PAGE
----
P.E.I. unemployment rate below 10% for 5 straight months

P.E.I.'s unemployment rate fell to 8.7 per cent in September, the fifth consecutive month it was below 10 per cent.

Wages remain an issue

The number of jobs on the Island has reached record levels in the last few months. (Brian Snyder/Reuters)

P.E.I.'s unemployment rate fell to 8.7 per cent in September, the fifth consecutive month it was below 10 per cent.

The last time there were five straight months of single-digit rates was in 2014. Before that you would have to go back to the 1970s.

2018 is on track to have the lowest unemployment on record for the province. In the first nine months the rate averaged 9.77 per cent. In 1978 it was 9.79 per cent.

UPEI economics professor Jim Sentence noted the rate is coming down through employment growth, not people leaving the workforce.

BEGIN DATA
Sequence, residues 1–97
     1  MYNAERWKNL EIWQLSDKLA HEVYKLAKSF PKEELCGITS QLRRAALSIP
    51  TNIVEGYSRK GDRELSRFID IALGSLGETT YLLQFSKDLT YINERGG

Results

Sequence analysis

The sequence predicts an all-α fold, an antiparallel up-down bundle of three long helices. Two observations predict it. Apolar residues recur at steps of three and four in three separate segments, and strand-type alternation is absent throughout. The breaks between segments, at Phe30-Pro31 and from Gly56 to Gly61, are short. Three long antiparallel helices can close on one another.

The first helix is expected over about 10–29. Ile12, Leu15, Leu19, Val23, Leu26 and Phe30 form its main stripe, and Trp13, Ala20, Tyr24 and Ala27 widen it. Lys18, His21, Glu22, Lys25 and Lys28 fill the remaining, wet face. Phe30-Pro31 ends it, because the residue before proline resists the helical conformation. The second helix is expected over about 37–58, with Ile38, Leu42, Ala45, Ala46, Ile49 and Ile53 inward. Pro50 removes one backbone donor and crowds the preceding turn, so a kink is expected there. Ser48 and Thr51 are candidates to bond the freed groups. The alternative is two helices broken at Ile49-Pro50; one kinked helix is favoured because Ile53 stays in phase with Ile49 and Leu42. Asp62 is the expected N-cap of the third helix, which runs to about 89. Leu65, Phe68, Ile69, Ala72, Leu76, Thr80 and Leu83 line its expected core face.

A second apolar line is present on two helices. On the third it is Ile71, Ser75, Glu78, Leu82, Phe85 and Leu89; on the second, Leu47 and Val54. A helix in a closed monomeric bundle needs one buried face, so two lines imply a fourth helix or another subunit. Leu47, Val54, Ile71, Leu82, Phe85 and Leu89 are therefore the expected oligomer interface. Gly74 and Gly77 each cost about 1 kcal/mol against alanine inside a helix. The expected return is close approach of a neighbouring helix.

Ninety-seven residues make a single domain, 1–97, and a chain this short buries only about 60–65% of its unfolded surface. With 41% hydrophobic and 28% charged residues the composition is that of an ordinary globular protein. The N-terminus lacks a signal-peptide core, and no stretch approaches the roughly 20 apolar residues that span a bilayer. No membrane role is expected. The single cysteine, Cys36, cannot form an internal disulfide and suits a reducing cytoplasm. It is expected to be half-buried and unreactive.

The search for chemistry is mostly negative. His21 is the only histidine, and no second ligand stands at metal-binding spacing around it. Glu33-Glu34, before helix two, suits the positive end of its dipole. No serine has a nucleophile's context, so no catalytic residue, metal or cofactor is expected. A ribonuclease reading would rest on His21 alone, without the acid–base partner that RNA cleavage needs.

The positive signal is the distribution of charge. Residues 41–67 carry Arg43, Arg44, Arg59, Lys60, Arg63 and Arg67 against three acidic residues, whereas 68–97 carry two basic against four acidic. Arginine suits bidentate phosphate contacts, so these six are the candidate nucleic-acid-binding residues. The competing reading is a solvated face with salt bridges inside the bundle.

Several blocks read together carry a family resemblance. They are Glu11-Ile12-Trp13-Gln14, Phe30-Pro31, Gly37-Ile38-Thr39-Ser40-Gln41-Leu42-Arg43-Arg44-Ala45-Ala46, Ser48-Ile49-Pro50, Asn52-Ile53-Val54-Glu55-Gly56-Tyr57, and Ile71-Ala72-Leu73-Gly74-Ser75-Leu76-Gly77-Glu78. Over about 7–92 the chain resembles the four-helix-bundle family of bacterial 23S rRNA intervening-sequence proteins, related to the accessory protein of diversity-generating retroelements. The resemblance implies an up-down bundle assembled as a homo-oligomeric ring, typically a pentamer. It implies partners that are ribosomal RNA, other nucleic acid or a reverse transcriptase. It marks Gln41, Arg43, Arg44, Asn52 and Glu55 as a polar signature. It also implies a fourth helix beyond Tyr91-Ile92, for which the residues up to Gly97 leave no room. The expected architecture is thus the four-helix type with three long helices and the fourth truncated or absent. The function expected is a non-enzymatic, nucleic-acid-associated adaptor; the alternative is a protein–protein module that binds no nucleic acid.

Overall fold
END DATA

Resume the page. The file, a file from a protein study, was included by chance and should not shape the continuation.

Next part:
In June the number of jobs on the Island passed 76,000 for the first time and has not fallen below that mark. The number of full-time jobs in September, 64,800, was an all-time high.

"It's hard to point to a sector that's not doing well," said Sentence.

"I think a lot of it, frankly, is the population growth and immigration. People that are coming in with money [and] they're spending it. You look at most sectors of the Island economy, they're clicking at the moment. Tourism has been really good the last couple of years. Construction, I think largely because of the increased demand for housing and just expansion of business, is booming as well."

Youth unemployment among lowest in Canada

The youth unemployment rate on P.E.I. has been below 11 per cent for the last two months.

That has put it not only below the national average, but the third lowest in the country, behind only Quebec and British Columbia.

But while there have been more jobs, wages have been falling in 2018 after some significant growth in 2017.

"You look at where the jobs have been created, and the big sector that jumps out is accommodation and food services," said Sentance.

"It's not exactly a high wage area."

The government notes that while wages are down from January to July, they are higher when compared year over year.

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About the Author

Kevin Yarr

Kevin Yarr is the early morning web journalist at CBC P.E.I. You can reach him at kevin.yarr@cbc.ca.